Germany to Accelerate Renewable Energy Push Due to Ukraine Crisis


Workers mount solar panels on the roof of the Olympic Stadium or Olympiastadion in Berlin, Germany, January 25, 2022. REUTERS/Michele Tantussi

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BERLIN, Feb 28 (Reuters) – Germany is aiming to speed up wind and solar power projects, the economy ministry said on Monday, as war in Ukraine highlights the need to reduce dependence on Russian gas.

The country, which uses gas to heat half of its homes, has also announced its intention to ensure that the country’s gas storage facilities are full at the start of winter, regardless of the interests of operators, the ministry said. Read more

Reducing Russian gas – which accounts for half of Germany’s imports – will be tricky for Europe’s biggest economy as it is already on track to phase out nuclear power this year and coal power by 2030 for l help achieve its climate change goals.

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Economy Minister Robert Habeck, a leading member of the Green party, noted that Germany needed to take a series of measures, including diversifying its import sources.

“We have to admit that in the past we have been too dependent on Russian imports,” Habeck told reporters ahead of a European Union meeting in Brussels.

“In the medium and long term, we are going to significantly reduce the consumption of fossil fuels.”

Habeck’s ministry plans to fast-track the Renewable Energy Sources (EEG) Act through parliament so that it can enter into force by July 1.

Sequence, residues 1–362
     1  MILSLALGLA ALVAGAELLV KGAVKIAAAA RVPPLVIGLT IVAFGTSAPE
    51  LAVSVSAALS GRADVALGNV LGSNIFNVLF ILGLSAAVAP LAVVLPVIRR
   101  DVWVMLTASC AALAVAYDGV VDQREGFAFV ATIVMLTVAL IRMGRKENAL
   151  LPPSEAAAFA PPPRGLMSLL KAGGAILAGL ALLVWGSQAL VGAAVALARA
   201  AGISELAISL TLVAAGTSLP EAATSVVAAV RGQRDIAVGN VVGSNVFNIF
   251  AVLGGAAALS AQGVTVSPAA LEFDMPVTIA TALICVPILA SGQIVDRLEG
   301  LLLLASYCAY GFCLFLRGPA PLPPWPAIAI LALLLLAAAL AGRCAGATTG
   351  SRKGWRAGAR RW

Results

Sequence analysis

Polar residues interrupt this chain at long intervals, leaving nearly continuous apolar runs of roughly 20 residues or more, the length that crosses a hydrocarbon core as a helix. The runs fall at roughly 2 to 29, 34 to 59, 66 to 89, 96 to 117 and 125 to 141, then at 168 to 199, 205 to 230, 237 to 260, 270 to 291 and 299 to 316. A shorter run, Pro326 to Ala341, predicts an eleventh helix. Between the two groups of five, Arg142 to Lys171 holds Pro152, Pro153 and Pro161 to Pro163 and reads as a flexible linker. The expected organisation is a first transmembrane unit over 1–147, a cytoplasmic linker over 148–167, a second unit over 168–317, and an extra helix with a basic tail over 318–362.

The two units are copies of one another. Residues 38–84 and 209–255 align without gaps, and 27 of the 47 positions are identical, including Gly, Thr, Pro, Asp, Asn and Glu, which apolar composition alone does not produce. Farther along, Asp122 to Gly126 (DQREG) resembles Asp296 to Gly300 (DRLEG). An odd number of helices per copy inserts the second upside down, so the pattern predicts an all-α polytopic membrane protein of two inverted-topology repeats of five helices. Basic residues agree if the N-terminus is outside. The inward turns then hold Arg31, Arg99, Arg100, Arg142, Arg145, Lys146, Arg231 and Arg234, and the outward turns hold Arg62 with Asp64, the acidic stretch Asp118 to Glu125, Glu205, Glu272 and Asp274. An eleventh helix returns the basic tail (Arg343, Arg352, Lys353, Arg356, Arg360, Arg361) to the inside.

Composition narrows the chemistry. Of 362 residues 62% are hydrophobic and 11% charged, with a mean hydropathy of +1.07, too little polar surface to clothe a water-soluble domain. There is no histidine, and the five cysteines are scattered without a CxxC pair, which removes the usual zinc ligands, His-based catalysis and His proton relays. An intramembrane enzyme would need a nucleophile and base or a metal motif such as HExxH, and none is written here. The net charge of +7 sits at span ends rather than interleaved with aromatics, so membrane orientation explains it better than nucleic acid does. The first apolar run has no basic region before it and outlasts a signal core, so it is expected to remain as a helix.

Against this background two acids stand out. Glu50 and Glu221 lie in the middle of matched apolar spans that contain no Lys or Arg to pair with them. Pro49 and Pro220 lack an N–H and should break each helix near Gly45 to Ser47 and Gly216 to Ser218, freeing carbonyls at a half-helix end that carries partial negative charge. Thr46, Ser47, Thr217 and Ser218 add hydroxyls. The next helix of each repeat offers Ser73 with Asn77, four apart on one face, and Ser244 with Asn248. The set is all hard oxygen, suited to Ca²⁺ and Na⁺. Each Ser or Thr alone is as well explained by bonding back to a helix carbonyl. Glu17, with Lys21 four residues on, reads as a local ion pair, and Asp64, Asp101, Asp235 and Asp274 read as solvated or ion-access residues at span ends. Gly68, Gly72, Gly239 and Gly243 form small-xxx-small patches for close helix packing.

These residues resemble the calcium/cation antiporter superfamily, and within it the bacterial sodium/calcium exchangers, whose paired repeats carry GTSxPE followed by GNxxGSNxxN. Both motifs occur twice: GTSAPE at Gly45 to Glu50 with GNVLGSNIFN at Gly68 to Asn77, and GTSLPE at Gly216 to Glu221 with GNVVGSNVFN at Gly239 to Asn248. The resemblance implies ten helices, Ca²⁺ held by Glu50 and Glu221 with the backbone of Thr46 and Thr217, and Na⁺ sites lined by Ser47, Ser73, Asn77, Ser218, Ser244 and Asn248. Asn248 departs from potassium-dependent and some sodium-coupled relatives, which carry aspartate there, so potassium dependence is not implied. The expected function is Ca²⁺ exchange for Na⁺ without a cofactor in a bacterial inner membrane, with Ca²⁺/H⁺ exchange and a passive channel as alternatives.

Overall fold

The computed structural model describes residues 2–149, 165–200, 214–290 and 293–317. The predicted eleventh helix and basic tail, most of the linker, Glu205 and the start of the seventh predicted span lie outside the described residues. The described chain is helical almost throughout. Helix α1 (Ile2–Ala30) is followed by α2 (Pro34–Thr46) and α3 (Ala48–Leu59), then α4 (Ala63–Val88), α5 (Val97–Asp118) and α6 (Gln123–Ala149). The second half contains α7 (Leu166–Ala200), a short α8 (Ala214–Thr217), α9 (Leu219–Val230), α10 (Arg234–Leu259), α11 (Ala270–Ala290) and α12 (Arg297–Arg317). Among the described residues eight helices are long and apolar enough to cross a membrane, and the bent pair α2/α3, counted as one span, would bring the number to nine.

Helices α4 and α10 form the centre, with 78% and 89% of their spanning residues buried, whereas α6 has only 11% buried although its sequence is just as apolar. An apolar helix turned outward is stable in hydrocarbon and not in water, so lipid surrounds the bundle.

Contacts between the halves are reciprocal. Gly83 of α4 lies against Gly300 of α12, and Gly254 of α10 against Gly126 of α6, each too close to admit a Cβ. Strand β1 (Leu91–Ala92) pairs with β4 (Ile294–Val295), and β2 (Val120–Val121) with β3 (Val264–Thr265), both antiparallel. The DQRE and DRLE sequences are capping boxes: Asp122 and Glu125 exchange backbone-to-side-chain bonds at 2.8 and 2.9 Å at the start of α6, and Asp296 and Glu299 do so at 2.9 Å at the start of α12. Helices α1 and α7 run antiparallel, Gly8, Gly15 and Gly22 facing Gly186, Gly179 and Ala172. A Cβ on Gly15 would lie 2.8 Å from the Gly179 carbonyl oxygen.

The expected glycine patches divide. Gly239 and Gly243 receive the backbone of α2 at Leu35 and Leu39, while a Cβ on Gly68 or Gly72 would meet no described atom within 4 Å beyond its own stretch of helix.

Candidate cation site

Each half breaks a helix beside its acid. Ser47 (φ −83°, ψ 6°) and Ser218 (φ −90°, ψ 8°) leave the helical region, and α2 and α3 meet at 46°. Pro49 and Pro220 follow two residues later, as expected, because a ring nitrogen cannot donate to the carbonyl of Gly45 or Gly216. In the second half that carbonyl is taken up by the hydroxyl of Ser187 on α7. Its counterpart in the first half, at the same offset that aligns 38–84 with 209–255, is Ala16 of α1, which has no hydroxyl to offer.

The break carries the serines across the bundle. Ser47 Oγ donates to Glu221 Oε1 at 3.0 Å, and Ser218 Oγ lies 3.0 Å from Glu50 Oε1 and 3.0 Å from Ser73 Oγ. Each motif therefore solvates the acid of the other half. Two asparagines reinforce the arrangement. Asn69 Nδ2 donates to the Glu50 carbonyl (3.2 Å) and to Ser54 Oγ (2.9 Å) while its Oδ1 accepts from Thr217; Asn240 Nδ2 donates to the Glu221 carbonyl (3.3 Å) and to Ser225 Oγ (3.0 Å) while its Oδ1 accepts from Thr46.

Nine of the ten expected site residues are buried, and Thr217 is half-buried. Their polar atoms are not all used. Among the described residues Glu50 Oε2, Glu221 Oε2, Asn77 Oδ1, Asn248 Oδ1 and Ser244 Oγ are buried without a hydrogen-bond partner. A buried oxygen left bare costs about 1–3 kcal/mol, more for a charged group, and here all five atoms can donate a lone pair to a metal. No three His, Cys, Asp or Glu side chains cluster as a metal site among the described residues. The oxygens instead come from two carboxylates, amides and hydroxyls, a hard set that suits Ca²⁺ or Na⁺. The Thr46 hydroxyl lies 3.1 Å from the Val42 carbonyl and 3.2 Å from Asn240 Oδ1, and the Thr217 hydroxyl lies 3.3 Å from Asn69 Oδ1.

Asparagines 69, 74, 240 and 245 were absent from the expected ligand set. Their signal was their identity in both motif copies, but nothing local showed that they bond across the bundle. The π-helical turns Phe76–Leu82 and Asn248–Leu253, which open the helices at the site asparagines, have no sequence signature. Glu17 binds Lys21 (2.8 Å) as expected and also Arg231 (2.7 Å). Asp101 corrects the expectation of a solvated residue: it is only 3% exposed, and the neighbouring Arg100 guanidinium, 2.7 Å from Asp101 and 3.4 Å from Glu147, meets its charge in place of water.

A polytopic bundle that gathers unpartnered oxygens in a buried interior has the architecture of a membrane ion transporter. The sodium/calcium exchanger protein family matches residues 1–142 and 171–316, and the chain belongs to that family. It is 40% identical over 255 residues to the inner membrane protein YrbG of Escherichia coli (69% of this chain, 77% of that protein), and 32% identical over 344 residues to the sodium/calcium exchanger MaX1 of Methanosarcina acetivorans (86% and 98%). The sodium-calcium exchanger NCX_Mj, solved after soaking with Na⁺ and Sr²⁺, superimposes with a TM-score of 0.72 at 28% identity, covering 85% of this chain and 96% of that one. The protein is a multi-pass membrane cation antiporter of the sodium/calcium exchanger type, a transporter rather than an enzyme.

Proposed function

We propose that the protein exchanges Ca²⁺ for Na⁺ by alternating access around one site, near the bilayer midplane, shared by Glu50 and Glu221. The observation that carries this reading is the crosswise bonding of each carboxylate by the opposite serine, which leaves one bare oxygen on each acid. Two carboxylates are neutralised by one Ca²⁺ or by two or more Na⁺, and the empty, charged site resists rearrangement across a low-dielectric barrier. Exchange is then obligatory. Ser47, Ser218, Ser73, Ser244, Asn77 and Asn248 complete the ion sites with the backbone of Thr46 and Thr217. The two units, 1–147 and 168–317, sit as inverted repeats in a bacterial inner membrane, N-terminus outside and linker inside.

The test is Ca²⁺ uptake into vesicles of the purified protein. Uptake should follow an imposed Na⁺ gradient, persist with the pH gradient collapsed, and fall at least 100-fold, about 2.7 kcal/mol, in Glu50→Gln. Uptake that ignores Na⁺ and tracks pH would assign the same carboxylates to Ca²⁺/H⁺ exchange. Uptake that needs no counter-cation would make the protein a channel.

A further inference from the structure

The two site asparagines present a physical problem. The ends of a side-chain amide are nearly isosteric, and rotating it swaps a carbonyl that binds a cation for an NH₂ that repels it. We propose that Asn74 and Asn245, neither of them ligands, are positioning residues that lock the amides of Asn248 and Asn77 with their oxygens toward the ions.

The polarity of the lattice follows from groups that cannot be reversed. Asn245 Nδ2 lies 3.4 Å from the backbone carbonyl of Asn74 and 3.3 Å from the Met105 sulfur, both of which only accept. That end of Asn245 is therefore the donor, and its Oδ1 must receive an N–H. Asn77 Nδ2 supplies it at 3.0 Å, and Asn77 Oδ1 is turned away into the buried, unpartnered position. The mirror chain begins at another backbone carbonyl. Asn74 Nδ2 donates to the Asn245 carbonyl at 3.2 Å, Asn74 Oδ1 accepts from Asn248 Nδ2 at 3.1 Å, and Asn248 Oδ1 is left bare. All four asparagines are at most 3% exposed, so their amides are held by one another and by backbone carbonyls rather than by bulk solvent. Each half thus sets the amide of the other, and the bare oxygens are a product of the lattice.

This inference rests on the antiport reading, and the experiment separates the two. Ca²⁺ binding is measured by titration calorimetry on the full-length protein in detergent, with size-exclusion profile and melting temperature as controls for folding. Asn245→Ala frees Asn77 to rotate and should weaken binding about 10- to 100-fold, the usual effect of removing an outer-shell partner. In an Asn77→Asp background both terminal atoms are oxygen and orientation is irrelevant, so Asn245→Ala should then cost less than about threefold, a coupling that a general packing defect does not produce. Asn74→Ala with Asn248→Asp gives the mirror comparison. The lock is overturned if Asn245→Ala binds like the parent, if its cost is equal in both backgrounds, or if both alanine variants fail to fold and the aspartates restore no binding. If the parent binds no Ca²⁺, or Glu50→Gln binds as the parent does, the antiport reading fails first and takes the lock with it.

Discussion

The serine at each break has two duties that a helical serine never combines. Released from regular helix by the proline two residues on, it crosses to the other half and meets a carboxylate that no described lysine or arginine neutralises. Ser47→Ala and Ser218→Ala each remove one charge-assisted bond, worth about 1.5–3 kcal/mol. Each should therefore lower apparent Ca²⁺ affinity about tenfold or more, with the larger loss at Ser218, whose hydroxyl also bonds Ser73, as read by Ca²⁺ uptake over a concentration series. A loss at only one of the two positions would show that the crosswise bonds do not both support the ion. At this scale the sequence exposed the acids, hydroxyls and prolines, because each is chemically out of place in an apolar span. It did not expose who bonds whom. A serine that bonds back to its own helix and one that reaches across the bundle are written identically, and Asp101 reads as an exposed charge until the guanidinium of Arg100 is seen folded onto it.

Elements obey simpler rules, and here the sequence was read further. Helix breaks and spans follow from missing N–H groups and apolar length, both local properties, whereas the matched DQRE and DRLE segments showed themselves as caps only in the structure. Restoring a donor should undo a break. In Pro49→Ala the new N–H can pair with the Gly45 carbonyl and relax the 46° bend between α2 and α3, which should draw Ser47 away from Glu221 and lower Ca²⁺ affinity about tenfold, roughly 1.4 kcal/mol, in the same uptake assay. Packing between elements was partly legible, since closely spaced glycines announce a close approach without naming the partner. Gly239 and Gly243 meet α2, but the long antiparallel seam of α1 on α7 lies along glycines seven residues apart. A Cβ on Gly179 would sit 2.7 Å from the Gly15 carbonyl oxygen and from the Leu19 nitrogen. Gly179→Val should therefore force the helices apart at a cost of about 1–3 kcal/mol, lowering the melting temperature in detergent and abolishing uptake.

The law would see Germany suspend subsidy cuts for new rooftop solar panels this year and increase solar tenders to 20 gigawatts by 2028 from around five gigawatts now, keeping them at that level until 2035, the ministry said.

Germany would also increase tender volumes for onshore wind power to 10 gigawatts (GW) per year by 2027, from around two gigawatts currently, and keep them at that level until 2035.

The measures would help renewable sources meet 80% of Germany’s electricity needs by 2030 and all of it by 2035, compared to a previous goal to phase out fossil fuels “well before 2040”, said the Ministry.

By 2035, Germany’s onshore wind power capacity is expected to double to 110 GW, offshore wind power is expected to reach 30 GW, and solar power is expected to more than triple to 200 GW.

However, Habeck rejected calls for Germany to reconsider its exit from coal and nuclear power in light of the Russian invasion.

“Coal and nuclear are not alternatives for Germany,” he said, noting that half of Germany’s coal was also imported from Russia and adding that it would not be possible to maintain nuclear power plants. online because they do not have permission to continue operating.

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Reporting by Markus Wacket and Tassilo Hummel; written by Paul Carrel and Emma Thomasson; edited by Miranda Murray, Jason Neely and Emelia Sithole-Matarise

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